Top 10 Programming interview questions in 2020
An increasing number of students are opting for IT careers each year, since most of…
Gone are the days when you had to be an uber geek to know how, or indeed feel the need, to write a computer program. Many experienced and senior programmers today learnt to code the hard way during the advent and popularization of personal computers in the 80s and 90s, but the game has very much changed since then.
In this modern era, our lives are pretty much governed by the presence of computers; from the smartphone in your pocket to the television you watch tv shows on, and even the microwave oven that prepares your popcorn for you as you binge watch your favorite shows – there’s a type of computer everywhere, and as such it can (often) be programmed.
So why should you learn to program when your Google Assistant (or Siri) can maintain your calendar and Alexa can order your food for you? The simple answer; demand. Computer programs are replacing humans, and the demand is now for people who can write a program to do a certain task, rather than doing that task themselves. According to an estimate by the US Bureau of Labor Statistics, software developer jobs will continue to grow at a rate of 22% from 2012-2022, growing almost three times faster than any other industry.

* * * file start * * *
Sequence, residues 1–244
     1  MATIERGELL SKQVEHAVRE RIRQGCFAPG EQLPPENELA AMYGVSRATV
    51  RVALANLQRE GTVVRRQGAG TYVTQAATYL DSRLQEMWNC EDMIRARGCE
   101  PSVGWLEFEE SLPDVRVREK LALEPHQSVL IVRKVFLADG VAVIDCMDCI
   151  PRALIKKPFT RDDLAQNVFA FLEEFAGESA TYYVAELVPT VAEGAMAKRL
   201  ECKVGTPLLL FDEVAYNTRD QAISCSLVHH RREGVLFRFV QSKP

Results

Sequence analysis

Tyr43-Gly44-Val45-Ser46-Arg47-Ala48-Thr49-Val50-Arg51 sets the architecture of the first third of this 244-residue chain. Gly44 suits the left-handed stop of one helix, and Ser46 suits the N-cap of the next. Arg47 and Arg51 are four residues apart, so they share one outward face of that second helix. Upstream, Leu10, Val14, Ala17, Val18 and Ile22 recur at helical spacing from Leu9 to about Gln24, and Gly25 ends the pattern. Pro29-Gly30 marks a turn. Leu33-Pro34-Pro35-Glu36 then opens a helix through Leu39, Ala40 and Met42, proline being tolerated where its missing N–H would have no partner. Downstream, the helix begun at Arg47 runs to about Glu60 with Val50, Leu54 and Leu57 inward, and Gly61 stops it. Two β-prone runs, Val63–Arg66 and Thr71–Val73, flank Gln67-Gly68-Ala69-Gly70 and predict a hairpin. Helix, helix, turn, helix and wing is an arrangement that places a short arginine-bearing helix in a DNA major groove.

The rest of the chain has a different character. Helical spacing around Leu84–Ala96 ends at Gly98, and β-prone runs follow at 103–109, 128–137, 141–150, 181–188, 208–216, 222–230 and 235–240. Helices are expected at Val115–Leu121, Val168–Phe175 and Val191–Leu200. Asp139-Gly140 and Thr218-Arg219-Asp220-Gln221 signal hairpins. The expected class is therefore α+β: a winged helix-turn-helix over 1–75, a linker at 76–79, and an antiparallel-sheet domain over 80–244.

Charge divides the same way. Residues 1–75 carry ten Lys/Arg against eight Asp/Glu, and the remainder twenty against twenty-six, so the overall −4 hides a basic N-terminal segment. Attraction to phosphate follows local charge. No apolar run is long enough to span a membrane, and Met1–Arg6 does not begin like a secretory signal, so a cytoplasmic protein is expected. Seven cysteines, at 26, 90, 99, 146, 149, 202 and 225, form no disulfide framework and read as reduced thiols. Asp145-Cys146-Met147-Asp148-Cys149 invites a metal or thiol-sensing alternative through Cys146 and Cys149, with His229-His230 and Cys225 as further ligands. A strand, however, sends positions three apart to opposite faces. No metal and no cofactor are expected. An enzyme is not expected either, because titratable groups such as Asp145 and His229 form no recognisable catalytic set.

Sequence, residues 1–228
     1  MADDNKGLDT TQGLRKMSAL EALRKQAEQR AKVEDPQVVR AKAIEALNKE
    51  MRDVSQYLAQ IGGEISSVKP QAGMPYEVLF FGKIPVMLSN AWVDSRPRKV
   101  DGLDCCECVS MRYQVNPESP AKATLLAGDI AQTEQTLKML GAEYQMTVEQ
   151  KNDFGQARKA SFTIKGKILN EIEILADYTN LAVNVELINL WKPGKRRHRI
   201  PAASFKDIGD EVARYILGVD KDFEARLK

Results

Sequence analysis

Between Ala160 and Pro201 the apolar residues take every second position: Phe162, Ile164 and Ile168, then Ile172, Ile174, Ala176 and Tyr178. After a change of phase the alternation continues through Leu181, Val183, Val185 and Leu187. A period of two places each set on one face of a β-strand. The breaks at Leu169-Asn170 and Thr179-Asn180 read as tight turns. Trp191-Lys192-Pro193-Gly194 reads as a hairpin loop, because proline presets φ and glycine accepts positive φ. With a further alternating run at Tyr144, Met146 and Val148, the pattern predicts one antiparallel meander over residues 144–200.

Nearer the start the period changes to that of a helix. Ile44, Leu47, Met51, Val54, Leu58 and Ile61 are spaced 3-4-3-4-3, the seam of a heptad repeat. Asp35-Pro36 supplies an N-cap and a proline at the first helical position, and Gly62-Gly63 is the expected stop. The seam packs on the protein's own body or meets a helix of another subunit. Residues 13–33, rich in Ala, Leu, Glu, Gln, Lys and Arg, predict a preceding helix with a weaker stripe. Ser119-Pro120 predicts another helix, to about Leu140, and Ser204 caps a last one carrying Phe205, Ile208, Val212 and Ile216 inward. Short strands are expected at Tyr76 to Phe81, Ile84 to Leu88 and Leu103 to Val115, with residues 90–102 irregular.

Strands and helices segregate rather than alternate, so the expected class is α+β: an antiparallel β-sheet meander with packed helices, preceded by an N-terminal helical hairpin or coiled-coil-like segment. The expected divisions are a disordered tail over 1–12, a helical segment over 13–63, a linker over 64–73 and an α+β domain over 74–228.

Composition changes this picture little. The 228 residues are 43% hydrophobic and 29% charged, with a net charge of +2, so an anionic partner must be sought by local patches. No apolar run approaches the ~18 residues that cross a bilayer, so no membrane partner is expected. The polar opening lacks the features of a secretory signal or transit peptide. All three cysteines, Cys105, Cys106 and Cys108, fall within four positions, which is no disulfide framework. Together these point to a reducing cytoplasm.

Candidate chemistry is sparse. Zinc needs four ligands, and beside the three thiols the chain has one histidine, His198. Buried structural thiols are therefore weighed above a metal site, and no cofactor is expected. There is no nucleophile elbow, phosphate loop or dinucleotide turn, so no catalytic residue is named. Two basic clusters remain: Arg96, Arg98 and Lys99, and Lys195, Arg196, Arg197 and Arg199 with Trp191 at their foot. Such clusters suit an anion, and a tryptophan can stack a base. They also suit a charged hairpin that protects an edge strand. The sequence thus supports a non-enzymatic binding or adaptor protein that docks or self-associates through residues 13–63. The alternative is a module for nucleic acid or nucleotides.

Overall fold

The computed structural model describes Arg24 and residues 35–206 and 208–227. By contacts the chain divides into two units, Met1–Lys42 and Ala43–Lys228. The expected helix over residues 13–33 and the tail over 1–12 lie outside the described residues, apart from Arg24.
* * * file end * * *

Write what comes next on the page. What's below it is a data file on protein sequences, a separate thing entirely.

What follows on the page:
For people unfamiliar with programming languages, starting out can be really daunting. There are so many fields within programming, so many avenues you can explore that it is very easy to get caught up in a web and lose track of the original purpose.
At the lowest level are assembly languages, which are specific to each system type. Your personal computer typically runs on Intel x86 (or a similar architecture), whereas your smartphones are generally ARM-based. Assembly languages were popular back when personal computers were first invented, but these days higher-level language compilers have taken over that job. Beginners no longer need to learn assembly in order to program a computer.
While C is taught for basic to advanced programming concepts, it is entirely possible for beginners to skip it altogether and start off with a more modern language.
To really understand how learning a programming language can help, it is important to get some context with respect to how each system around us is programmed. Apps that you use on your smartphone are largely developed using Java (for Android) or Objective-C (for iOS). Desktop software is typically written in C/C++ (including Windows, Linux and macOS operating systems themselves) or C# (in case of Windows applications).
On the web backend, the most popular languages used are PHP, Python, C# or Java. These languages are common across various platforms, and are essential to learn for any beginner.